Towards the end of the poem, we begin to realize that the messenger is, in fact carrying a marriage proposal for the Duke, which the duke unashamedly accepts, under the condition that he receives dowry. The poem is enriched with several interpretations; however, the more obvious of them seem to be the authoritarian dominance of a Renaissance man and simultaneously the commoditization of women of the time. Throughout the poem, we see that the Duke dehumanizes his wife to dramatic extents. In the line “I call that piece a wonder, now” (Line 2-3, Robert Browning), we see that the duke is not only referring to the painting but also his wife when she was alive.
The use of “that piece” inhibits one from believing that the duchess was a human in the first place. This line also shows the poet’s interpretation of the Renaissance, where women were treated as commodities. The last word of the citation above (“now”) clearly illustrates that only now, when she is manifested as a painting, does he like her, compared to his complete distaste for her previously, when she was alive. Finally, to illustrate the Duke’s uncontrolled possessiveness over his wife, Browning has made excessive use of personal pronouns, as seen in the line “(since none puts by The curtain I have drawn for you, but I)” (Line 9-10, Robert Browning).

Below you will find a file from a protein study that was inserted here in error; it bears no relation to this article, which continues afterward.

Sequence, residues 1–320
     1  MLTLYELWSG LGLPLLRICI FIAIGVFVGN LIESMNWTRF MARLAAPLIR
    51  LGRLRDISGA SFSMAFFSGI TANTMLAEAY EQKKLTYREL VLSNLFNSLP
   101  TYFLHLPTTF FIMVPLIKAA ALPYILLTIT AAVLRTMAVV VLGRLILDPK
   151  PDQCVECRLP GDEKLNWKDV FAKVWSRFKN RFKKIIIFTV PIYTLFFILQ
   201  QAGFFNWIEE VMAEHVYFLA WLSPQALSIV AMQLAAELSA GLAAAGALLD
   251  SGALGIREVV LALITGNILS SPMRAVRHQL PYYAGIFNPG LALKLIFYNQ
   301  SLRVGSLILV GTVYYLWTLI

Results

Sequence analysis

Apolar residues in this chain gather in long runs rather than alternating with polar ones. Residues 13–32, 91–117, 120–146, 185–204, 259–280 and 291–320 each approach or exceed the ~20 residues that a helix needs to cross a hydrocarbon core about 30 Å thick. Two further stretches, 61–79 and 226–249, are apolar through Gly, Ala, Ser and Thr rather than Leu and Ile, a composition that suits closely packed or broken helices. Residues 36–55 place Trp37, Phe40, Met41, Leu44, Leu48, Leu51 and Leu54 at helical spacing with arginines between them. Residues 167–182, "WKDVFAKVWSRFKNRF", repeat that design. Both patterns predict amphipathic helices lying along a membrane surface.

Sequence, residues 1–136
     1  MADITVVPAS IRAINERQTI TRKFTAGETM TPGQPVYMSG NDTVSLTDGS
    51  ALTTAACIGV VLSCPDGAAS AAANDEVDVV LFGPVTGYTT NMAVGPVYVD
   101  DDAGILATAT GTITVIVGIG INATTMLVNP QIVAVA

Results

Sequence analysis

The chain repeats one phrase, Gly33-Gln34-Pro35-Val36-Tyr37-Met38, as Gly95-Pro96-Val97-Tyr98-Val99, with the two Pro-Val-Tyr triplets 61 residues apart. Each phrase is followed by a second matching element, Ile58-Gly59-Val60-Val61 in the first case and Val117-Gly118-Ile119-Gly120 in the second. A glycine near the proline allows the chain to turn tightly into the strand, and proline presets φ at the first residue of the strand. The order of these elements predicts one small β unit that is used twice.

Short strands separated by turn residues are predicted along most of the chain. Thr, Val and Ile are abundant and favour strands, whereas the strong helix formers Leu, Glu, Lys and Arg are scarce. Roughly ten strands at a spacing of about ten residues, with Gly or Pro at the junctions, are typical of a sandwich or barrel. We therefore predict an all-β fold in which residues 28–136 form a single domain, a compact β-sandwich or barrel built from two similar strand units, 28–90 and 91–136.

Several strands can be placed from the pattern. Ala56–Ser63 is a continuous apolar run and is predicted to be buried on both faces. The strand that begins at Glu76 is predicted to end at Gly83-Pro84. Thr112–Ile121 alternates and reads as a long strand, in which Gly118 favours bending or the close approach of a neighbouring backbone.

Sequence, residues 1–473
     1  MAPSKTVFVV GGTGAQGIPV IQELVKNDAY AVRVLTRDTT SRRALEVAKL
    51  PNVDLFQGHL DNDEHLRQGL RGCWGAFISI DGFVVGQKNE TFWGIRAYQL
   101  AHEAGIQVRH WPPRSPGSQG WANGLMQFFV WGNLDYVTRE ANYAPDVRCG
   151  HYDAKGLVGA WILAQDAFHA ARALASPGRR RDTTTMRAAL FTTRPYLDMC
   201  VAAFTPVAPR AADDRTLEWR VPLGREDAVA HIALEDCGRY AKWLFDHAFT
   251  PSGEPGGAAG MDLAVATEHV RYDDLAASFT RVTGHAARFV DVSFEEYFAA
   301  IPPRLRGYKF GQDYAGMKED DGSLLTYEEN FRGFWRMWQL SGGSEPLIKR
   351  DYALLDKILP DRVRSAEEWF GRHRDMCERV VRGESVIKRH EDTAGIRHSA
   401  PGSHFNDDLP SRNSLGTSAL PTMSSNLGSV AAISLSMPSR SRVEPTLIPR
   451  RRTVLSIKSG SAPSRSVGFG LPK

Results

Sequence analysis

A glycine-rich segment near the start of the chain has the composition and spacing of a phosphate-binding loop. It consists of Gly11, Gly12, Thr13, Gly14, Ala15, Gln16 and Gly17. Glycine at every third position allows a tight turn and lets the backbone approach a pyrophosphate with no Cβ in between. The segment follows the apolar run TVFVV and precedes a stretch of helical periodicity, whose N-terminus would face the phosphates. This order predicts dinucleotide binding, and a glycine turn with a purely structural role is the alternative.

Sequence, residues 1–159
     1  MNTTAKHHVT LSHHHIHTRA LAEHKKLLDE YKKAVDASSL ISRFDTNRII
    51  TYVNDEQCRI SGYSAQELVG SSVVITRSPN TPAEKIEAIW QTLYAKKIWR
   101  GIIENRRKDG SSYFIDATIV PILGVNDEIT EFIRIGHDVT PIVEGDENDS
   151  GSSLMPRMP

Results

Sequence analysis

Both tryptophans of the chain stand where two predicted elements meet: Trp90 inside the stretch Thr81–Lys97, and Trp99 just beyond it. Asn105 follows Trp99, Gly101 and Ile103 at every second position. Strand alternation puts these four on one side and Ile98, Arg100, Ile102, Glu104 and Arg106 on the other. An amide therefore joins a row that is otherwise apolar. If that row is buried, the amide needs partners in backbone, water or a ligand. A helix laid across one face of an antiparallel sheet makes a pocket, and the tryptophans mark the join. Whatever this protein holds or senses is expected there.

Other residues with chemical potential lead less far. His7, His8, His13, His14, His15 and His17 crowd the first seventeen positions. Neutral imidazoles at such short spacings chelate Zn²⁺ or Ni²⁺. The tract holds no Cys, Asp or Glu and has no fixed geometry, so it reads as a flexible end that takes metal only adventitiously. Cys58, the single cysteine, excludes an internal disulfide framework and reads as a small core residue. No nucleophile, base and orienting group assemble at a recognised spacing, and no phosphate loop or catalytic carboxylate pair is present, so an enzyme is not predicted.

The last words, “But I,” re-emphasize the point. In the line “Fr Pandolf’s hands worked a day busily” we see that the Duke was so possessive about his wife, that he made sure that the artist viewed her for no more than a day, which is near to impossible. The main body of the poem acts as a build-up to the murder of his wife. He tries to give several reasons to justify his actions, but every one of them illustrates his ironic hypocrisy.
The line “How such a glance came there; so, not the first are you to turn and ask thus. But, Sir, ’twas not her husband’s presence only, called that spot of joy into the Duchess; cheek: perhaps Fr Pandolf chanced to say ‘her mantle laps over my lady’s wrist too much'” (Line12-16, Robert Browning), clearly illustrates how the Duke is trying to show that the Duchess provoked him and that the Duchess was unfaithful to him, which is bizarre, for she was only 14: her excessive “blush” was true, as was her “courtesy.”